Who was going to join Cort in the battle for the line?
@Vlaanderen90 Cort vs Power?
Ken was pretty close as he had the right country but we are getting to far ahead now, let us go back to the start of the stage.
— Ken Sommer (@KenSommer) August 25, 2014
Leaving Brioude, the finishing town from stage 1, it took 12 kilometers before a successful breakaway got away including Fabian Leinhard (Switzerland) and Loic Chetout (France), who had been unsuccessful in his bid to join the breakaway on stage 1. The duo got away just as the race began to climb the category 3 Cote de la Chaise-Dieu. Chetout took the mountain points at the top while behind in the peloton, KOM leader Kristoffer Skjerping (Norway) took 3rd place points ahead of 2nd place KOM and overall GC leader Asbjorn Kragh.
The gap to the breakaway duo was never more than 4 minutes because the peloton was quite wary of having a repeat of stage 1's antics, where the breakaway was given a huge lead that the peloton never got back. On the Category 2 Cote de Medeyrolles, Chetout once again took full points ahead of Leinhard while Skjerping took 3rd place points to consolidate his lead. Riders began to pop off the back of the peloton including Sven Fritsch (Luxembourg), Martin Otonicar (Slovenia) and Dan McLay (Great Britain). On the final KOM, Chetout and Leinhard kept banging the drum slowly while Dylan Teuns (Belgium) attacked to try and spice things up a bit. Teuns went over the top solo and Skjerping grabbed the 4th place points. He ended the day with 34 in total while Chetout is now in 2nd in the classification, sitting at 22 points.
The gap at the top of the final climb was under 3 minutes but by the time the group went down the fast stair-step descent, the breakaway only had 1'30". The Australians were salivating like a piece of toast with vegemite was dangling out in front of them. The duo were able to stay out front until they hit the local loop in Saint-Galmier, where they were swallowed up with 8 kilometers to go. Some riders tried to breakaway on the rolling local lap including Evgeny Shalunov (Russia) but everything was brought back for the final uphill punch.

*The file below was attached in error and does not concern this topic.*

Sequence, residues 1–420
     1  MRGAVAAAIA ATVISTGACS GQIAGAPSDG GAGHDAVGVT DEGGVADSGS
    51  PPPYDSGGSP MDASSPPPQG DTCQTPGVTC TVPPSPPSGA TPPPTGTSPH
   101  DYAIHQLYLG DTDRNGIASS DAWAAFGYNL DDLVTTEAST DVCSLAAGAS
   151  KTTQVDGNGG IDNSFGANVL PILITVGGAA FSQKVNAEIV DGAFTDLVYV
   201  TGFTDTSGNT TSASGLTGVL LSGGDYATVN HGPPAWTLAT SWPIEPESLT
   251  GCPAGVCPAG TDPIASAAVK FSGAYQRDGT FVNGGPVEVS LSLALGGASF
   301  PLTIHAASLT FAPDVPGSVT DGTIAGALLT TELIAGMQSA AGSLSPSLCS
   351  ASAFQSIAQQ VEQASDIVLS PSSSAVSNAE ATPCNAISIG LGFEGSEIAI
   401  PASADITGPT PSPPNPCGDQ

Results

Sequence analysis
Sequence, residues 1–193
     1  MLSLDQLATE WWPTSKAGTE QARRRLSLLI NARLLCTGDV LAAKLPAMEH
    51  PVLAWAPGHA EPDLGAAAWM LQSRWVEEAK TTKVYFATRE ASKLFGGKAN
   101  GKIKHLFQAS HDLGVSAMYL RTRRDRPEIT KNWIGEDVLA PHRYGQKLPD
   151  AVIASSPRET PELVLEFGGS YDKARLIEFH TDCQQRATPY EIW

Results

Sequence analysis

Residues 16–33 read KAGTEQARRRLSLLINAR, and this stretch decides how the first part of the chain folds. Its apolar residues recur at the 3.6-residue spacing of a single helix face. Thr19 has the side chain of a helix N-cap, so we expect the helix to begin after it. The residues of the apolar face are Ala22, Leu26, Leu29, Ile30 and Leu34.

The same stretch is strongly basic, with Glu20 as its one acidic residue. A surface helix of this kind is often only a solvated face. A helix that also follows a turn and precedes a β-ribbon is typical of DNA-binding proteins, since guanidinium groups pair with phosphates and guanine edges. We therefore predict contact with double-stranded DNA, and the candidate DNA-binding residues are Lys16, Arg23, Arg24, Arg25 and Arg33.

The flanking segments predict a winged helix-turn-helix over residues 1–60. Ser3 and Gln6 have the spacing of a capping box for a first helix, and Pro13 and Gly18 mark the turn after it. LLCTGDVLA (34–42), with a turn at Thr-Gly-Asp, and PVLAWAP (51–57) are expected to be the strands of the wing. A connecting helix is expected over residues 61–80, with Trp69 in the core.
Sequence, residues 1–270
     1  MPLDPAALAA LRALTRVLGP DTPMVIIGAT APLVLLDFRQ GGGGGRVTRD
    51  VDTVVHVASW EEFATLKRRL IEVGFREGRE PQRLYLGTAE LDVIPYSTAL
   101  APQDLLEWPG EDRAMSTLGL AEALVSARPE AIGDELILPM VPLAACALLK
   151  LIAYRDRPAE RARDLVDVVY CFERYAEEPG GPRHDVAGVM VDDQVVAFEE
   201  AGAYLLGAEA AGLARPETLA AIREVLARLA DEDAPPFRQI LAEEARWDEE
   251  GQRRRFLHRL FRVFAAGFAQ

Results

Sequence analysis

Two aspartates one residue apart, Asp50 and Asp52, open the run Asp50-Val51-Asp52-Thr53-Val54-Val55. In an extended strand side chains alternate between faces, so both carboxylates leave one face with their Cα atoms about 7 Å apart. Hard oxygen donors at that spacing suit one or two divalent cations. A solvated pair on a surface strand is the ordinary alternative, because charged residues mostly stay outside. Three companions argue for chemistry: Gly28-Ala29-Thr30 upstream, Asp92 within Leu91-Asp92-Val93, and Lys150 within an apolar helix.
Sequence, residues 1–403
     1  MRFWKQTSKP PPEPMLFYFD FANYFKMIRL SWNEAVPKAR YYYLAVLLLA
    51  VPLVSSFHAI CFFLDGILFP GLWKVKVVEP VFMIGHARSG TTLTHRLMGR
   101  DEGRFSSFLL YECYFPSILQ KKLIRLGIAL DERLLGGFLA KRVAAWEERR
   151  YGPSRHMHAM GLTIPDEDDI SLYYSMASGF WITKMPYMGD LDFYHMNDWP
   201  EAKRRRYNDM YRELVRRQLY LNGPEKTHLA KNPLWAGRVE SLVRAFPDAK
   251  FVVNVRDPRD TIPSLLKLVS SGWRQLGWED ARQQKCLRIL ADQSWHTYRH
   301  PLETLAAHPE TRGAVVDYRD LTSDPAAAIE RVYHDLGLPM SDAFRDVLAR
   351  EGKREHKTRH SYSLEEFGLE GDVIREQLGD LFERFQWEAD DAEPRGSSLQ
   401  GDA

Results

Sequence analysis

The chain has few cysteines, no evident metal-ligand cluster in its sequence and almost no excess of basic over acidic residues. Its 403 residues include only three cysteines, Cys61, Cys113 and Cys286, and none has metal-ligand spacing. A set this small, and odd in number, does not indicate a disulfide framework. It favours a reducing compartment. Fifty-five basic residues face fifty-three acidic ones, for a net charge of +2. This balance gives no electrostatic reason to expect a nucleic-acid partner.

@CalebEwan wins the second stage of Tour de l'Avenir ! pic.twitter.com/oND9zd9SZW
— Mathilde L'Azou (@MathildeLAzou) August 25, 2014
Taking the final left hander into the finish, Caleb Ewan (Australia) hit the jets and only Magnus Cort was able to follow but not able to challenge the new pocket rocket, Ewan. This anticipated battle might actually be the only one simply because these two will be teammate in 2015 with Orica-GreenEdge. They might be going 1-2 in the future but at least for the next few years, it will be an Orica sweep.
Le vainqueur du jour, Caleb Ewan. Impressionnant de puissance. pic.twitter.com/l0miUz2EhY
— Dan Perez (@_Dan_Perez_) August 25, 2014
Alex Kirsch (Luxembourg) finished in 3rd place 2 seconds down in front of Austrian Michael Gogl, who surprised in 4th place ahead of prologue crashee Owain Doull (Great Britain). There was a separation in the front group and few potential GC riders such as Gianni Moscon, Derk Abel Beckeringh and Dylan Teuns gained 5 seconds on the likes of Robert Power, Silvio Herklotz, Louis Vervaeke and co.
Asbjorn Kragh still leads the overall classification 16 seconds on Kristoffer Skjerping, 1'34" on Sjoerd Van Ginneken and 2'09" back to Davide Martinelli, the highest placed rider that was not apart of the stage 1 breakaway. Martinelli did take over the points jersey after taking his 3rd straight top-6 placing. Skjerping has the KOM jersey on lock down while the Netherlands leads the teams classification.